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Think about the green and leafy places that make your town such a great place to raise a family. Maybe it’s the trail along the lake where you taught your kiddo to ride a bike. The community garden where he grew his first tomato. Or the neighborhood dog park where the whole brood goes to burn off some energy.

No matter where you live, you’ve probably clocked countless hours at the playground. My two-year-old and I spend so much time at our corner park, I feel like the mayor. Where else can I take a shrieking toddler who has awoken ready to party at an hour before most of the adult world has finished its first cup of coffee? Where else can he hurl himself down the twisty slide 27 times while I swap tips—or just commiserate—with my fellow tired parents? If we didn’t have a park within easy-toddling distance, I think we’d both go nuts.

Fortunately for the mental health of my whole family, we live in the San Francisco Bay Area, home to the third best city park system in the country. An amazing 98% of San Francisco residents live within a 10-minute walk of a park, according to ParkScore ®, the index that measures how well the 50 largest U.S. cities are meeting the need for parks. (Find out how your city stacks up at

In my day job, I’m editor at The Trust for Public Land, the nonprofit that crunches the data behind ParkScore. Before working here, I didn’t think much about what it takes to sustain the parks and trails that make the Bay Area such a gorgeous place to live. Like the hills, or the fog, our parks are such an integral part of daily life, they feel like a given.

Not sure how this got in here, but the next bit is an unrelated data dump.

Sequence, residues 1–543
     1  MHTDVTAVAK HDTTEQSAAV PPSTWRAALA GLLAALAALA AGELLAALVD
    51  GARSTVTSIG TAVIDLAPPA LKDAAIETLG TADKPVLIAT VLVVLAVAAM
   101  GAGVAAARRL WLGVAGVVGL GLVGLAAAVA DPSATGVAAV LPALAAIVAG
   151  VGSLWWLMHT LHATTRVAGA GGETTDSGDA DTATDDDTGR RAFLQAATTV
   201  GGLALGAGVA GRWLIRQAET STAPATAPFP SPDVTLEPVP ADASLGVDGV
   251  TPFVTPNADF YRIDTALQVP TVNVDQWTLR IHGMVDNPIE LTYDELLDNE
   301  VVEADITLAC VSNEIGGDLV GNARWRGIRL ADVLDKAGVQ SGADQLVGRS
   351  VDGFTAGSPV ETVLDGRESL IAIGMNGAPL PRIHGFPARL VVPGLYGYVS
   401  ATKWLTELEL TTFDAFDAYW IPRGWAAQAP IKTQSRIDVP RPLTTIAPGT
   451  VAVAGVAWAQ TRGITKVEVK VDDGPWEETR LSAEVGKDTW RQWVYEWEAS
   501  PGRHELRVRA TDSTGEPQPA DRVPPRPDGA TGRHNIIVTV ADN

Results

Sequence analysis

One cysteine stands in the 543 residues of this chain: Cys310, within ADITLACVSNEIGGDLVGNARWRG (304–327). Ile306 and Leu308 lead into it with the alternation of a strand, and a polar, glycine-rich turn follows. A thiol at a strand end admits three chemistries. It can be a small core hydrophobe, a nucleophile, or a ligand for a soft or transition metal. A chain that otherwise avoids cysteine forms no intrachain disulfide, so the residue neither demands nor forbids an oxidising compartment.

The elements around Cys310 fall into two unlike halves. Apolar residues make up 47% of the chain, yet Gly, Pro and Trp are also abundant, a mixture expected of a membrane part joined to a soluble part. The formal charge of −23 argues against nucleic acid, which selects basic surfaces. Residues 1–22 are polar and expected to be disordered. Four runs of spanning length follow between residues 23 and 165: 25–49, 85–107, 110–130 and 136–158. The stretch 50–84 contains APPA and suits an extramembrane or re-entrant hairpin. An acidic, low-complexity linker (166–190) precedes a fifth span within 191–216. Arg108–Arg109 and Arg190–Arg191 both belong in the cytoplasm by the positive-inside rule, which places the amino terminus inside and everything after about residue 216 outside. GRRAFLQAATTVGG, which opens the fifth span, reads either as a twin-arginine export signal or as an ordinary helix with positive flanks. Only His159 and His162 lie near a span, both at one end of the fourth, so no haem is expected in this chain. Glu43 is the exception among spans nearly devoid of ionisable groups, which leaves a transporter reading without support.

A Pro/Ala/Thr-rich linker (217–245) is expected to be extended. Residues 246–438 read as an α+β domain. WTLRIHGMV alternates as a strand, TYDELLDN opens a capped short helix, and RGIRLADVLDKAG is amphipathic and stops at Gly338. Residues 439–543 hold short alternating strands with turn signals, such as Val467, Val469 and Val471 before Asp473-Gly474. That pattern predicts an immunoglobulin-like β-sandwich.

But in reality, great parks are not just some force of nature, beyond the control of everyday people like you and me. They result from the efforts of a community that recognizes the benefits of parks and natural spaces—and fights to prioritize them. And as ParkScore illustrates, too many cities are still struggling to manage this balancing act.

Their success will have real world repercussions for families everywhere. Research shows what we’ve all experienced: parks make cities happier and healthier. Kids who live within walking distance of a park are more likely to maintain a healthy body weight and higher levels of physical fitness. A simple 20 minute walk in the park can be more effective than medication to manage a child’s ADHD. In this age of increasing rates of obesity and other diseases related to inactivity, parks may be one of the defining factors shaping public health nationwide.

So what can you do to stand up for your local parks?

• As ParkScore shows, big cities average 2.4 playgrounds for every 10,000 residents. Does yours? Find out on this list or by calling your local parks department. If your city falls short, ask City Hall to construct more parks—for the health and wellbeing of the whole neighborhood.

• Join (or start) a local “Friends of” organization. Local citizen activism is crucial to maintaining attractive, safe parks.

• The simplest way to support your local parks is to spend time in them. Your kids will have fun and make new friends—and you will too. Maybe the mom standing by the swings sipping her travel mug of coffee has great advice for getting your early-riser to chill out in the mornings. Or if not, at least she’s a friendly face who understands exactly how much this park means to you.

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